The Slow Show: Dream Darling

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If The Slow Show’s music was in a film it would a rom com, as the hero walked away into the sunset after finally splitting up with the girl he still loves; as the camera followed him into the middle distance he’d give a little happy skip because, hey, life’s not that bad really.

This new album from the Manchester band is a little slower than their debut White Water, with added strings and choir, but singer Rob Goodwin is still talking his baritone way through the songs as the band lays down atmospheric layers behind him.

In sound he resembles a gloomy Leonard Cohen, though the album is more uplifting than downbeat and the songs are the world-weary reflections that Cohen could make.

Opener Strangers Now is about how easily people become estranged after intimacy while Ordinary Lives celebrates the changes in everyone’s lives no matter how heart-breaking or unfair; This Time is about new beginnings.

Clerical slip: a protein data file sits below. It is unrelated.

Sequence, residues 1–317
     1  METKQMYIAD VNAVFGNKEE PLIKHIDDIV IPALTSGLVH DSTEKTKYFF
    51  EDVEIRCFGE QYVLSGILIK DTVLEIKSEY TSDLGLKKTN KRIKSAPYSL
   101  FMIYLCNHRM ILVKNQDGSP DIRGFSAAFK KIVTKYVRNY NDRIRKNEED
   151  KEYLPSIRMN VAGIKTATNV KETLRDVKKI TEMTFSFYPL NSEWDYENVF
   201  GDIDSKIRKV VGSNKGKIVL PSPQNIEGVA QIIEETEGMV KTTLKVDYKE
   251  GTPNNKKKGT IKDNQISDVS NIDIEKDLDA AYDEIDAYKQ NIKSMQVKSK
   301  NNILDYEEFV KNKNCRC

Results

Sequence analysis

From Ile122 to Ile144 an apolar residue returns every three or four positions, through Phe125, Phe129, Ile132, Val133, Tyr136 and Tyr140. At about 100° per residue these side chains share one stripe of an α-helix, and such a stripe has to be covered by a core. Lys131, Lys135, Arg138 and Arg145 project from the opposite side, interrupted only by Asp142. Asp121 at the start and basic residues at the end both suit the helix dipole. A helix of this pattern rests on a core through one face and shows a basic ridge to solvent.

It’s not all of the heart: Lullaby is about; well, the lyric goes: “If this is England that I see, then all your values are foreign to me”, so maybe Brexit is behind it, while Brawling Tonight is a romanticised account of Manchester evenings and street fights.

The Slow Show have one sound and it’s not one you’d want to wheel out every day, but’s rather beautiful the times you do play it.

Slowly click here to buy:

About jerobear

Weekly newspaper editor in Cheshire, England. I blog my editorials and the CDs I write about. I play drums, drink coffee, play music, meditate. I hate filling in forms.

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